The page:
Kardia Research Group (Genetics)

About the Kardia Lab

From its inception in 1995, the Genetic Epidemiology Network of Arteriopathy’s (GENOA) long-term objective was to elucidate the genetics of arteriosclerotic target organ complications of hypertension, including both atherosclerotic or “macrovascular” and arteriolosclerotic or "microvascular" complications involving the heart, brain, kidneys, and peripheral arteries. Three GENOA cohorts were originally ascertained through sibships in which at least 2 siblings had essential hypertension diagnosed prior to age 60 years. These include non-Hispanic White Americans from Rochester, MN (n =1583 at the 1st exam), African Americans from Jackson, MS (n =1854 at the 1st exam), and Mexican Americans from Starr County, TX (N=1817 at 1st exam). The consortium of investigators proposing this project have a long history of collaboration on the genetics of common cardiac, cerebral, renal, and peripheral arterial diseases. These studies have created a rich resource of biological samples (DNA, serum, urine) as well as demographic, anthropometric, environmental, clinical, biochemical, physiological, and genetic data for understanding the genetic predictors of diseases of the heart, brain, kidney, and peripheral arteries.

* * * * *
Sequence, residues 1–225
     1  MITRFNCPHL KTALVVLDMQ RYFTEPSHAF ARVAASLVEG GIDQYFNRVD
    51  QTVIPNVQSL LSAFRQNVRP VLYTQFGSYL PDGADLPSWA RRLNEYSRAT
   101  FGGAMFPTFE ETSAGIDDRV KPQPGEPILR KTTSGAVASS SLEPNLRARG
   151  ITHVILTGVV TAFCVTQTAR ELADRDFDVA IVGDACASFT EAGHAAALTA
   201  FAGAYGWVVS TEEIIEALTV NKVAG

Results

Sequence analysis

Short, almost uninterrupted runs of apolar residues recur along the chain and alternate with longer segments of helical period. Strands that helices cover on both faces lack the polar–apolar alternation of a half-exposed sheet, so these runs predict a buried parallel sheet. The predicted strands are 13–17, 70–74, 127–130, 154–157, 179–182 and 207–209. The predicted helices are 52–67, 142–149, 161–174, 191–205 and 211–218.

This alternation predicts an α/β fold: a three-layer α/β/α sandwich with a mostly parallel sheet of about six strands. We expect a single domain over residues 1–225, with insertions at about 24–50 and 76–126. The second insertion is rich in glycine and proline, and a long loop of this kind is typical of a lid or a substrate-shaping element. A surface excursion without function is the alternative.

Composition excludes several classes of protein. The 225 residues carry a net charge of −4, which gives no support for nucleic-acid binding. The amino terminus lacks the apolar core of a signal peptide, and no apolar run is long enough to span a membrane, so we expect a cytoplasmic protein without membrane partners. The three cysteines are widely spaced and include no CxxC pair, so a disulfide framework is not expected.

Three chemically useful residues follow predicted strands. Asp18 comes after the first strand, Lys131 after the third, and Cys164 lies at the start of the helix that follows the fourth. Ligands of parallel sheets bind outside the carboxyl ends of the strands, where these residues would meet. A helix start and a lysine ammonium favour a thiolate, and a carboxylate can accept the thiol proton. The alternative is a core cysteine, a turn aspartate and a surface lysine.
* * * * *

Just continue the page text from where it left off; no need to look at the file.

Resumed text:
Genetic Epidemiology of Cardiovascular Disease

Coronary Artery Calcification
Coronary Artery Calcification (CAC) is a subclinical measure of coronary artery atherosclerosis. Our studies of CAC in the Genetic Epidemiology Network of Arteriopathy (GENOA) indicate that it is heritable and associated with variation in multiple genes.
Heart Failure
Cardiac hypertrophy is heritable and a clearly recognized risk factor for heart failure. Our studies and others have identified potential hypertrophy-associated SNPs in various heterogeneous populations and we are also trying to identify SNPs associated with heart failure mortality.
Rochester Family Heart Study
The overall objective of the Rochester Family Heart Study was to identify and characterize genetic variations that influence the risk of cardiovascular disease and hypertension in the general population of Rochester, MN.